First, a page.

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Sustainable textiles for fashion from India

A recent Centre for Sustainable Fashion project aimed to promote sustainable textiles from India for use within the fashion industry, looking at improving the sustainability of textile production in India and how the lessons learnt could be applied around the world.

sustainable fabrics

The Shared Talent India project was funded by Defra and is part of a wider body of work taking place under Defra’s Sustainable Clothing Roadmap and the UK-India Sustainable Development Dialogue. The project was jointly delivered by the Centre for Sustainable Fashion at London College of Fashion and Pearl Academy of Fashion in Delhi.

Textiles’ contribution to national industry in India

The project was commissioned in light of research detailing the massive contribution of textiles in India to national industry and the environmental and social challenges this presents. With textiles accounting for 14% of industrial production and 17% of the country’s export earnings, the industry is an important vehicle for the promotion of sustainable development.

The Sustainable Clothing Roadmap has identified the global relevance of the clothing industry to sustainable development:

“while an economic success story (globally worth over £500 billion), the industry has a significant environmental and social footprint across its supply chain.”

Assessing the impact of textiles

The environmental and social impacts of a range of fibres and textiles used within the industry formed an important part of the project. Using detailed information on greenhouse gas emissions, waste water production and chemical pollution associated with the production of all fibres, a more complete environmental impact assessment was achieved.

Indian cotton, in particular, was given special consideration as it accounts for 16% of world production, while providing a livelihood for between 40 and 50 million people. It is also associated with particular problems of high water and chemicals usage.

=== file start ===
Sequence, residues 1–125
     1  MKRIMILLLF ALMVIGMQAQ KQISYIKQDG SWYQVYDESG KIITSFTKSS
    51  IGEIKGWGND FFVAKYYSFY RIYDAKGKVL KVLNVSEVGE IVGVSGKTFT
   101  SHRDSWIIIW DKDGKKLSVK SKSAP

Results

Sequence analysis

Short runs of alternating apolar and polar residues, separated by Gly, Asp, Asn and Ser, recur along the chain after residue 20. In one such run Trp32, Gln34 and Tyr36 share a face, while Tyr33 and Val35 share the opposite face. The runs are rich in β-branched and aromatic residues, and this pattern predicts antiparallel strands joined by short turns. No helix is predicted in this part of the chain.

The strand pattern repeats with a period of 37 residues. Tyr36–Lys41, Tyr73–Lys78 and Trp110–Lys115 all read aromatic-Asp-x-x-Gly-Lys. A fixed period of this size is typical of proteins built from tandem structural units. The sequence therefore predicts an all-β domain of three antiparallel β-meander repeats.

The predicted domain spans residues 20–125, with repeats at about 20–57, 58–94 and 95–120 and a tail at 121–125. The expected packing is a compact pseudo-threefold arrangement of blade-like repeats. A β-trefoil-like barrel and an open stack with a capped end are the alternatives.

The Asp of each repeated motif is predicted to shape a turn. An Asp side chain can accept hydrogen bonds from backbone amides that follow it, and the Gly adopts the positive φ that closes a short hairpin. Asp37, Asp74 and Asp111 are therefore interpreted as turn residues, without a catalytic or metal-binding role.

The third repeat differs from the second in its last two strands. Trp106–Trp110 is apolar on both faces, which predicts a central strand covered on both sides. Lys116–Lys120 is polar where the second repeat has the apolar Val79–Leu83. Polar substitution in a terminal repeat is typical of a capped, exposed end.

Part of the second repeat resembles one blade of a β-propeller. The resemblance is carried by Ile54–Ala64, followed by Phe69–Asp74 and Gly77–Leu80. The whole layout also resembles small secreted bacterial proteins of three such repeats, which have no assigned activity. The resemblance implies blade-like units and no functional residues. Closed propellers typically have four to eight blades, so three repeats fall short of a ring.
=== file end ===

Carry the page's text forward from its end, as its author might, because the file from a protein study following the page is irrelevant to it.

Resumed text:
Collaboration between manufacturers and designers

Fashion design is synonymous with exclusivity; designers are continuously striving to create a product that is more original and superior than their competitors. However, a recurring theme of the project was the importance of collaboration between suppliers and indeed designers to determine effective solutions to the challenges of sustainability in fashion.

Shared Talent India provided a forum for collaboration: design workshops and online and face-to-face dialogue enabled designers and suppliers to discuss each other’s perspectives, and work with a skilled group of cutters and tailors in New Delhi. A dialogue on sustainability was initiated through a series of discussions that led to the designers questioning ecological, social and economic criteria as a basis for their work.

Online sourcing toolkit

In addition to various visual outputs, the Centre for Sustainable Fashion developed an online sourcing toolkit and textile catalogue that allows purchasers to source textiles that are guaranteed sustainably sourced. It is hoped that tools such as this will continue to promote sustainable materials within fashion.

Continuing collaboration for long-term sustainability

Collaboration is of key importance for achieving long-term sustainability in the materials utilised in the textile and fashion industries. Additionally, transparency is essential within the fashion material and product supply chains.

By cultivating a culture of trust, cooperation and transparency, the future of the textile and fashion industry within India can continue to achieve high growth and provide continuing employment and success in a sustainable manner.

Further reading

  • Shared Talent India (Centre for Sustainable Fashion)
    Further project details, picture gallery and film.

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